A colleague sent a presentation on Fetal Alcohol Syndrome (FAS) given by Dr Maggie Watts at a meeting of NHS Lothian staff.
The central message of the presentation is that problems / deficits caused by drinking alcohol during pregnancy are common, expensive to manage and preventable. The slides outline what FAS is, what the implications are for children damaged by alcohol in the womb, and how children with this can be managed. Dr Watts also makes a number of reccomendation about how services can get better at preventing, detecting and managing this problem.
Dr Maggie Watts is the Fetal Alchol Spectrum Disorder co-ordinator for Scottish Government with a responsiblity to :-
•To lead the development and implementation of FASD strategy for Scotland
–Primary, secondary and tertiary prevention
–Surveillance and early detection
–Diagnosis and management
–Long term care
•Ensure FASD prevention is embedded in emerging and existing policies
•Ensure support for families affected by FASD
The last slide has the following links for further information
One of the reports in my post holiday ‘to read’ file is a short briefing from Children in Scotland on pre-conception health. This is aimed at Scotland’s quarter of a million children and young peoples workforce. Its short, written in plain English, and with lots of references if you want more detail. Discussing this briefing at a team meeting would be an easy way for managers to contribute to the prevention / early intervention agenda.
EYPP Briefing — Preconception Health 511
Looking at the Children in Scotland website I noticed that the new Dads2Be resource is now available. This is a resource for professionals involved in ante-natal education to provide advice and support tailored to the needs of Dads ante-natally.
You can view the resource on the Children in Scotland website.
Contact firstname.lastname@example.org, 0131 222 2440 or email@example.com, 0131 222 2412 for more information and/or CD Rom copies of the Dads2b Resource (FREE while stocks last).
The Scotsman newspaper today reports on the election manifesto pledge of the SNP to deliver a minimum price per unit of alcohol in Scotland.
A previous post – Untold Damage – looked at research highlighting the damage that is done to children in Scotland through excessive alcohol consumption.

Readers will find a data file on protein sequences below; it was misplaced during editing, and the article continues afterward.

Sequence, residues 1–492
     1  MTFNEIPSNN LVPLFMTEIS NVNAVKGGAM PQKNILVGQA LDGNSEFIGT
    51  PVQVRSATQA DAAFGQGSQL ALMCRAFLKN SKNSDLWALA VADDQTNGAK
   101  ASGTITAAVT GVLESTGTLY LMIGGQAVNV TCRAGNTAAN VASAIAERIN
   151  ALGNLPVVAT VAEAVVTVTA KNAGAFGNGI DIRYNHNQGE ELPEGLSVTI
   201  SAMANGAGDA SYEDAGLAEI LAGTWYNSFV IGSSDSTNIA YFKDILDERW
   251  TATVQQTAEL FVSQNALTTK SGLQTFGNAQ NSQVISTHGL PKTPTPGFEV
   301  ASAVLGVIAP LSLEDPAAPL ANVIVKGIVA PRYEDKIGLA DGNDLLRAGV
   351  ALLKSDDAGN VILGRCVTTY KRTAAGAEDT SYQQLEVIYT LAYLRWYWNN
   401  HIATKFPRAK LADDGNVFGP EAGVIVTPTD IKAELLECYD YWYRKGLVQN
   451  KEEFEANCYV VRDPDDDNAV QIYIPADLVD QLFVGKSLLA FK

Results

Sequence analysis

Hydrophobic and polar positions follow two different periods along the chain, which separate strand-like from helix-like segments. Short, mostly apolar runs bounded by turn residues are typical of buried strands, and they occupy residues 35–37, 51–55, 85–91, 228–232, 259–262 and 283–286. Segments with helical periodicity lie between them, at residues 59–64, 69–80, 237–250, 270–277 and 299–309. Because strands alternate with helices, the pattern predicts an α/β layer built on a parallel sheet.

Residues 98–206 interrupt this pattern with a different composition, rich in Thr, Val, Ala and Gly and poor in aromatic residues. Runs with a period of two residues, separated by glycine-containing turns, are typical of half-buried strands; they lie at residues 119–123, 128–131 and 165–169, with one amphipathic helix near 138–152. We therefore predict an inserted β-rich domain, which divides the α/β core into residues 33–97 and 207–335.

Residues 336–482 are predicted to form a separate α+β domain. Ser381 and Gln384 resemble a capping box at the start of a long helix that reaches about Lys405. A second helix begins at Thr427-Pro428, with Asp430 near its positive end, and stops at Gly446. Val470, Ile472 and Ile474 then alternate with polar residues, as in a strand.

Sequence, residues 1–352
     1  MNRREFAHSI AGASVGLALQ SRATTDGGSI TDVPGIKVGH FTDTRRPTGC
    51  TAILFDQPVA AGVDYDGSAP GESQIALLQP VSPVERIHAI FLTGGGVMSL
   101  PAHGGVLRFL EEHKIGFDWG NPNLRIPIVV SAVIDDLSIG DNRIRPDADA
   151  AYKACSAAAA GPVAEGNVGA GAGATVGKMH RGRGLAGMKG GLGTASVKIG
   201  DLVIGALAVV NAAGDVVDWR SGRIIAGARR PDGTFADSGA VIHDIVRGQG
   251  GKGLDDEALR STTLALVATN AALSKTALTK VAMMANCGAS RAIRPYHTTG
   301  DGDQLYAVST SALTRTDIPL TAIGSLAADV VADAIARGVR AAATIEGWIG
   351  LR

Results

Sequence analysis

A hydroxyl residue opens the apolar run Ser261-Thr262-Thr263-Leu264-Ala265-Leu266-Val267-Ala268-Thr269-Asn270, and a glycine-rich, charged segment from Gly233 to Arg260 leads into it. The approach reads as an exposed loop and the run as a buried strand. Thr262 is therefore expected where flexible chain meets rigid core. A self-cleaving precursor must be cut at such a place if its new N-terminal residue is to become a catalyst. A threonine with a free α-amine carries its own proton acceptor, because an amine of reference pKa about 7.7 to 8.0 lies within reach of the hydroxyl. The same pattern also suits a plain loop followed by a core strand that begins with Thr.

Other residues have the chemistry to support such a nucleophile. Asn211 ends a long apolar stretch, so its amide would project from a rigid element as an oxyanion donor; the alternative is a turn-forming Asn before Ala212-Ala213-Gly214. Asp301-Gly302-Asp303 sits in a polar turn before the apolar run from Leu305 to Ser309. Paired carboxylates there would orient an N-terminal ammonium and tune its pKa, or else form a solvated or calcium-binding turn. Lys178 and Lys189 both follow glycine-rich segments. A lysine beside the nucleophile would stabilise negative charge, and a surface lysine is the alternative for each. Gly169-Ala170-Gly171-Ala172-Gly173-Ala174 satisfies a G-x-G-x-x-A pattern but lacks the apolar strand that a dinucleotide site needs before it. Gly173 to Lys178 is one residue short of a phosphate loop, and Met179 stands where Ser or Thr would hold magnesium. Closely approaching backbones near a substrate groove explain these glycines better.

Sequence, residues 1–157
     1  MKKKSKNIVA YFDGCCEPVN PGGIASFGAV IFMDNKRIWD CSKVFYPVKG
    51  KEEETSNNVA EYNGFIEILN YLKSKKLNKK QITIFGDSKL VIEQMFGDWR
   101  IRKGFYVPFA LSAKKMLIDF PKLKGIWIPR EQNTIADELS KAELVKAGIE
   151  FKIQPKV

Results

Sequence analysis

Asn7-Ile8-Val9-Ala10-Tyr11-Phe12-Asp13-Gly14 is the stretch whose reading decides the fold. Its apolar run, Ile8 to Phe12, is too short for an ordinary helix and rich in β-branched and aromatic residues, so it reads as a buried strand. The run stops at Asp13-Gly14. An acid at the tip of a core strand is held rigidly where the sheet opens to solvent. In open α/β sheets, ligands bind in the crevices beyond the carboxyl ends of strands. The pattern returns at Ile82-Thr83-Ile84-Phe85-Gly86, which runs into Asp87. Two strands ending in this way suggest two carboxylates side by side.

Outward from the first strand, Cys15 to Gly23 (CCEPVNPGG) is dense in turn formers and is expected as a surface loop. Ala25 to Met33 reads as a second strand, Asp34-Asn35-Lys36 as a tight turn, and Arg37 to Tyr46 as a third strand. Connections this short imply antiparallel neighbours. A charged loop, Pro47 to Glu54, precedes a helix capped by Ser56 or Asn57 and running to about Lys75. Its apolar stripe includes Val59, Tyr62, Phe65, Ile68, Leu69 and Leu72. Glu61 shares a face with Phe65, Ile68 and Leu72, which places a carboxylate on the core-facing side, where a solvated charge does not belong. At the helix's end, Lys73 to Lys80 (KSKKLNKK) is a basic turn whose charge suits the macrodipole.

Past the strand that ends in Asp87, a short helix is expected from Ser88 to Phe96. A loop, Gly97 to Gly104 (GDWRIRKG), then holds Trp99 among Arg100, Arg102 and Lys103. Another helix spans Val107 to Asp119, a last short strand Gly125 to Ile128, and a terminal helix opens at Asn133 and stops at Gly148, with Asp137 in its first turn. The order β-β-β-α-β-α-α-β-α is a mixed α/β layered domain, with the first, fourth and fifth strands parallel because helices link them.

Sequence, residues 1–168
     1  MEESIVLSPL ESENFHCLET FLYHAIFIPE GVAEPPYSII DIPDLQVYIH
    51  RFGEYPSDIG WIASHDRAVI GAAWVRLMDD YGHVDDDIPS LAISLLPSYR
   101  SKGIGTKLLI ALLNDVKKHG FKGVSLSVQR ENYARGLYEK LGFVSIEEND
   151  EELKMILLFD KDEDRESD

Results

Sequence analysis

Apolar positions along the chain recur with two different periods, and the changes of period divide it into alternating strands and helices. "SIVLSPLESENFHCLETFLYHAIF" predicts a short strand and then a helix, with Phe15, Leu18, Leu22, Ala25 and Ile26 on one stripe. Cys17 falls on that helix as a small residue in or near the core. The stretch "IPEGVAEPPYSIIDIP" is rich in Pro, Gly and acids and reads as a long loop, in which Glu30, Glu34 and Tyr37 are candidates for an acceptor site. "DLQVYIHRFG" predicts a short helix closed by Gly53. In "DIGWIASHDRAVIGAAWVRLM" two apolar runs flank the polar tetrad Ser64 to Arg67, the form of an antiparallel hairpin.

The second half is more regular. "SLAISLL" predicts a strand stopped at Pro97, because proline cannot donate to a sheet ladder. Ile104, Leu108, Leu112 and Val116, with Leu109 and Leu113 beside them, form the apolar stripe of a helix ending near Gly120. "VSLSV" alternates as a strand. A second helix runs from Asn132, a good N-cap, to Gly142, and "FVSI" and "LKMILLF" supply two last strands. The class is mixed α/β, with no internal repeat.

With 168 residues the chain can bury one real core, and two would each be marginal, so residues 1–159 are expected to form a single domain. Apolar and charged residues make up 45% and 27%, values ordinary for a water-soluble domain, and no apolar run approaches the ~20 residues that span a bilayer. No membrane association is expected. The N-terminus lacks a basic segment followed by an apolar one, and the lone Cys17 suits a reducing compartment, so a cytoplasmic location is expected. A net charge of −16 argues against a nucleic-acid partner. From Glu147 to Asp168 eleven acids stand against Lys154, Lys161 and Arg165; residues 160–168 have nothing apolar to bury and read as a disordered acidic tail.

I don’t think this policy measure can come soon enough for Scotland’s children.
The time is right – it seems to me that most people in Scotland now understand that our relationship to alcohol is a problem that needs to be addressed.
The previous debates about alcohol pricing, and an increasing awareness of Scotland’s public health problems has contributed to this mood for change, as has the consistent message from high profile policemen like John Carnochan. For people like John Carnochan who see the fall out from cheap drink (as well as the under investment in early years) changing the stack it high and sell it cheap culture is a no brainer. Its something that we have got to do, and then move on to all the other things that need to be done if we are to have an impact on the carnage of lost life, trauma and damaged well being that is all to easy to find in Scotland.
Lets get it done and move on.
Acceptance – written and performed by Lisa Nichol is a play about the pressures on young women that can lead to alcohol misuse and the issues that this can raise for young women..
“This is a play that touches upon many of the issues that affect women like Scarlet today and conveys in a genuine and meaningful way the emotional and social dilemmas and the pressure people in today’s society face to fit in.” David Shaw – Glasgow Council on Alcohol
Support from the Start worked with Queen Margaret Univeristy to bring this performance to East Lothian as part of a ‘civic conversation’ on health and tackling health inequality. The performnces helped to raise awareness of alcohol as a health and well being issue, and each one was followed by discussion the ouput from which is given below.
The play is not a health education message against alcohol abuse, rather an honest portrayl of the issues alcohol can create in a young womans life. From the comment below I think it touched a cord for many people presnt. The Tranent performance was attend between 50 and 60 people – all women bar myself. The Musselburgh performance had a much smaller audience of 15, but was followed by a lively discussion and some good contacts were made.
Here is the feedback provided after the performances of the Acceptance play in Tranent Town Hall on Thursday 14th May and in the Brunton Hall, Musselburgh on Wednesday 20th May
For more information on Lisa Nichol folow this link